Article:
A 2008 study found that of all the top selling laundry detergent brands tested, each contained at least one ingredient considered hazardous under federal law. None of these ingredients was listed on the label and the study didn’t disclose which brands were tested—annoying, I know!
Do You Need a Special Detergent for Baby Clothes?
When I was pregnant and setting up a nursery that would never be used (Felix sleeps with us), everyone told me to wash all of his clothes in Dreft. After a bit of research I decided against it (see below, under “The Bad Stuff”).
I’m sure there are people who separate baby linens from other household laundry–probably the same people who make their bed in the morning even if no one is coming over. While I envy such organization, I personally feel successful if a cloth diaper is washed separately from a cashmere sweater.
More importantly, if my detergent is an irritant for Fe’s skin (or worse), I don’t want to use it on my clothes! My own health aside, when he was a baby I spent about 45 percent of my day snuggling his little naked body to my clothed one.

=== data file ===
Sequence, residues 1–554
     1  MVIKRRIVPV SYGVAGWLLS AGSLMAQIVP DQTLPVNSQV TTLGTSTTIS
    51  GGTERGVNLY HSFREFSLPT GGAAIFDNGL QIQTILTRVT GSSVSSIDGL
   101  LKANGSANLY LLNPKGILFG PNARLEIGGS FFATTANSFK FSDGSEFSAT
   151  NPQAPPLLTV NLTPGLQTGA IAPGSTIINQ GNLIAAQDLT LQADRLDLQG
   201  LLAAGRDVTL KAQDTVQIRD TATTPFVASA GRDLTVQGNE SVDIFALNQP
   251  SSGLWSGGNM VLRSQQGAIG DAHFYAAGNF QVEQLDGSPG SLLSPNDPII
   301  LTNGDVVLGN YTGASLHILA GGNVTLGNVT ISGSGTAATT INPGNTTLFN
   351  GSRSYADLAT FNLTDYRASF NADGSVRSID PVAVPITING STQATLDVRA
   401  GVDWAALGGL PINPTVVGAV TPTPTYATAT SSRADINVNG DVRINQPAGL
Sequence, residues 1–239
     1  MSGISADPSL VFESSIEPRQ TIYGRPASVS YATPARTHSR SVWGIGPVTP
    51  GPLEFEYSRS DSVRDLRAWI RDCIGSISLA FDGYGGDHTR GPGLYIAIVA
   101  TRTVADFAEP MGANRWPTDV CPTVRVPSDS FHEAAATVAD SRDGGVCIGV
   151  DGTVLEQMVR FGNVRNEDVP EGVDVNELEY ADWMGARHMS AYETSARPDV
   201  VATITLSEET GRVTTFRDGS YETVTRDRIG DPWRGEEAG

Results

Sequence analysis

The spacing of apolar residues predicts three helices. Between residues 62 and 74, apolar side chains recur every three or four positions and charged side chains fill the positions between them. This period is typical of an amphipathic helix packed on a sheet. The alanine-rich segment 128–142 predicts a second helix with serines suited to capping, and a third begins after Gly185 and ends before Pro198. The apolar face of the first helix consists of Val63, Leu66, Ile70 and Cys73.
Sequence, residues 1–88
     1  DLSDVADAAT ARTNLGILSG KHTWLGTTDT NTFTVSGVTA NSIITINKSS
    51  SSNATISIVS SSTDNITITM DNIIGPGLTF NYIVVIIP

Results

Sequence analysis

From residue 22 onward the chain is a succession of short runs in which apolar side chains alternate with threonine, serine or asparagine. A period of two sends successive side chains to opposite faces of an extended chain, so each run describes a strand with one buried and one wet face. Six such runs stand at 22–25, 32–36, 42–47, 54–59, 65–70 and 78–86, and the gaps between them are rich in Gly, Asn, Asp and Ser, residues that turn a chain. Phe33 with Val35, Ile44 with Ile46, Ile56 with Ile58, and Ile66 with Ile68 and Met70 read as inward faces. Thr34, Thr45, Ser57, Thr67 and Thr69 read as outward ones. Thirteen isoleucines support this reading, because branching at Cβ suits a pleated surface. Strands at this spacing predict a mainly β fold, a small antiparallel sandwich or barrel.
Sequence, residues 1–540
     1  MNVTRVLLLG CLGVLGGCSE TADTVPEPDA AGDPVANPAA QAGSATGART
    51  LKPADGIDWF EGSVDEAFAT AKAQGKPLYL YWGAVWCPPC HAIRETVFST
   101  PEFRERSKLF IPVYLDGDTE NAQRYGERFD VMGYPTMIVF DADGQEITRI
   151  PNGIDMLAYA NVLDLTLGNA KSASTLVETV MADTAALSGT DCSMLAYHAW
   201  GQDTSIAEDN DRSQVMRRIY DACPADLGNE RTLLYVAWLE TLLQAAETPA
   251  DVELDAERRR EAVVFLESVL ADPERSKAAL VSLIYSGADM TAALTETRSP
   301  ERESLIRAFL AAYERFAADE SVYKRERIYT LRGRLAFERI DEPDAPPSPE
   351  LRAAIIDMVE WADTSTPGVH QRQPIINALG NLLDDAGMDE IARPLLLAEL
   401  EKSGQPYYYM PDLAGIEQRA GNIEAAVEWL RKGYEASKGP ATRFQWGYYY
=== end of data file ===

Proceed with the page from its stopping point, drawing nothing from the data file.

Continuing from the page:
Who Uses Powder Detergent?
I used to think no one did, but then I tried it and it turns out it works just as well as liquid. The only one I use now is Tandi’s, since almost every natural brand is not natural at all. Tandi’s contains nothing concerning and works so much better than the Sneaky Stuff we used to use (I remember washing Felix’s bibs in Seventh Generation detergent and then pulling them out of the dryer and seeing food still stuck on the fronts). I didn’t think I could fall in love with a tallow-based, powder detergent, but there you go.
The Good Stuff
This awesome detergent has a totally safe ingredients list, with the main cleaning agent being saponified organic coconut oil. The unscented variety is great for even those with the most sensitive skin (like babies). EWG score: A
Where to Buy: Select Whole Foods, Amazon. Cost per load: 20¢ in a HE machine